I don't know enough of puts and calls to use them, it is something that i want to read up on a lot more before i seriously consider using these tools.

Gold @ 1600, i don't agree with your scenario of Canada. Canada's debt/defecit is smallest amongst other industrialized countries and the commodities play which is Canada's strength will ensure that Canada will do better than the U.S in general. Canada is lucky that it has been blessed with so many natural resources. The U.S economy is in shambles and the deficit is just out of control. This year the budget deficit will be what 1.3 Trillion? Compare that to Canada's piddly $60B or whatever the number is...

Humble Pie, re: Dendreon, yes it has been the bridesmaid before as well, but i would be really really, really surprised if the FDA turns down approval of the drug this time around. Not to take a chance though , i am contemplating two options, one is to sell my additional loading (100 shares) on the stock a day or two before the announcement, keep the rest (200 shares) and put a sharp stop loss order if the FDA approval doesn't go through or to put a stop loss order on the entire damn thing. If FDA approval fails, the stock will careen to the single digits very quickly. Dendreon has been shrouded with some really obscure swings...case in point when it fell from the mid twenties to single digits 6-8 months ago in a minute of trading for no apparent reason whatsoever. SEC had to intervene but found nothing phoney about the trades that were placed. Go figure.

About Canadian Banks, yeah i plan to add, i wanted to get into Royal recently when it was @ 52, but missed out. That said, i've got a lot of Royal in my RRSP and my wife's RRSP account, so i feel i still have decent exposure. BNS is definitely the way to go for int'l exposure, but i think it might be duplicating a bit of what i will get through City. As such if i do add to FIs it will be either Royal or TD.
 

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great thinking-prep on dendreon. Don't mean to harp on this stock, but the fact is we cannot post a tome on each of your holdings, while at the same time i'm sure an identical clever strategy has gone into each of your other picks. So we're just using dndn as an example of way-to-go.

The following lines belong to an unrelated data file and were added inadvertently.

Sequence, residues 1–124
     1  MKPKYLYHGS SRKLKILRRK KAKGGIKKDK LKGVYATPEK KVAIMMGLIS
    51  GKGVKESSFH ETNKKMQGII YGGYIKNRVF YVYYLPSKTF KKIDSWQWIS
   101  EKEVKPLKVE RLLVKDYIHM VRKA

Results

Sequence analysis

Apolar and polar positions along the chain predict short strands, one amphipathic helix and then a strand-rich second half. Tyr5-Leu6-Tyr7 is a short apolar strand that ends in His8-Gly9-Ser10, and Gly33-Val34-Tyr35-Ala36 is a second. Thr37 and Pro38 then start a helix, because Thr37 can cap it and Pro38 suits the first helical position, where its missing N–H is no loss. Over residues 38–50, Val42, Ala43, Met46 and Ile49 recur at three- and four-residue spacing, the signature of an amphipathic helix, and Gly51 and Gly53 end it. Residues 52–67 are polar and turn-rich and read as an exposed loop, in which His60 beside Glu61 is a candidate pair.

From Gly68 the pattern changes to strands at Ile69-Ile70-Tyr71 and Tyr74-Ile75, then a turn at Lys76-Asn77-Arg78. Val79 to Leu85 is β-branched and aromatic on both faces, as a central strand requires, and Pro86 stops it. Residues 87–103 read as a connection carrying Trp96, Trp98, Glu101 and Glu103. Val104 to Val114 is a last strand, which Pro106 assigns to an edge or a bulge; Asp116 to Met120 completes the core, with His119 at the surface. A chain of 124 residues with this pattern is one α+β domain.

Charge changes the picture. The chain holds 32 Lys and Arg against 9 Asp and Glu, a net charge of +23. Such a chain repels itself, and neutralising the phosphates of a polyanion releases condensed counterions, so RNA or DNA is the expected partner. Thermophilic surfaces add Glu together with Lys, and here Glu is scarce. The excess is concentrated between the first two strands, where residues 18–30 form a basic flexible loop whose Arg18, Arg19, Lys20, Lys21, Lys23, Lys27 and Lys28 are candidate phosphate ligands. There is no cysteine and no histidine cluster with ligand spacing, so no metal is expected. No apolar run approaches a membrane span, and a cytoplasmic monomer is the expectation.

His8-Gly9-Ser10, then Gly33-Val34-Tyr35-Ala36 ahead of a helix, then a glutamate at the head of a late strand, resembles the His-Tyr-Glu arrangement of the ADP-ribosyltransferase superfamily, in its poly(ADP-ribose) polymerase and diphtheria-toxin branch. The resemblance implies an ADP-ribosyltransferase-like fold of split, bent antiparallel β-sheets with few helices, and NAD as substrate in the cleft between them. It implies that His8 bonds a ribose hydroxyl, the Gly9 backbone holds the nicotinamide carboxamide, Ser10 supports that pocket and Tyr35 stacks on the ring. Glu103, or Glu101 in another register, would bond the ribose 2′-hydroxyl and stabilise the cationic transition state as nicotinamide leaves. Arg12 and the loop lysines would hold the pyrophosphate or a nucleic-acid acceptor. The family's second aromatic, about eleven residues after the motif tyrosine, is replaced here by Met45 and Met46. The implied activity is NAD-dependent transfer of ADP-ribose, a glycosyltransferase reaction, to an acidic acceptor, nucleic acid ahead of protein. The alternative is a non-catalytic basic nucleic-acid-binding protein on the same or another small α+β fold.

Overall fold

for my own part, i'd certainly sell out all of my original dndn investment in dollars plus a generous margin ... maybe something like 150% of orig inv ... and i'd certainly stick with the rest, as these will all be freebies. And again just speaking for myself i wouldn't wait until "the day or 2 before" because 1) tons of pro players will be executing this strategy and 2) in my experience, which is quite limited, FDA approval announcements don't appear on schedule.

just out of curiosity, i moseyed over to the dndn option tables to see what the open interest positions have to say for themselves.

uh-oh. There it was. Large open call positions are not bullish signs, although novices always believe that this is the case. On the contrary, large open call positions are indicators that pro traders have already shorted the stock & bought these calls as a hedge.

in dendreon, there it was. The sharks have - quite sensibly - overshot april because they know fda announcements don't always appear on schedule. Instead they've gone to the may calls. And there they are, all the submerged short sharks, quietly feeding below the surface. Do you see them, fg ? in the 40, the 45 & the 50 dollar calls. Esp in the 45s. More than than 17 thousand of them ...

they're fairly jolly in the puts, too, apparently thinking for the most part that dndn won't drop much below the 17.50 range if fda approval snafus, while some institutions appear to have bought a long-stock-long-put combo (ie bullish but hedged.)

what fun.
 

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I would consider selling some of your apple and taking the profits.

And considering mortgage debt (you mention condo has debt, and I am assuming that you also have a prinicple residence with a mortgage)...I personally wouldn't want to be so leveraged.

We currently have a market where everything has risen in value, as there is so much cheap money floating around. I am concerned that there may be another leg down, as some of the banks have not written off bad loans, as they can't afford to. (see zerohedge for article) And why all of the debt attention ois on Greece and not on other countries (that owe more) is beyond me.

Good post though....it is cool to see someones else's holdings, and what their reasoning is for holding them.
 

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Discussion Starter #17
I would consider selling some of your apple and taking the profits.

And considering mortgage debt (you mention condo has debt, and I am assuming that you also have a prinicple residence with a mortgage)...I personally wouldn't want to be so leveraged.
Cal, i recently did a mortgage application for the new property we are buying, our debt equity ratio is about 20%. Apart from the investment LOC, i don't have any other debt and once the condo is rented out, it will be a cash free property for me.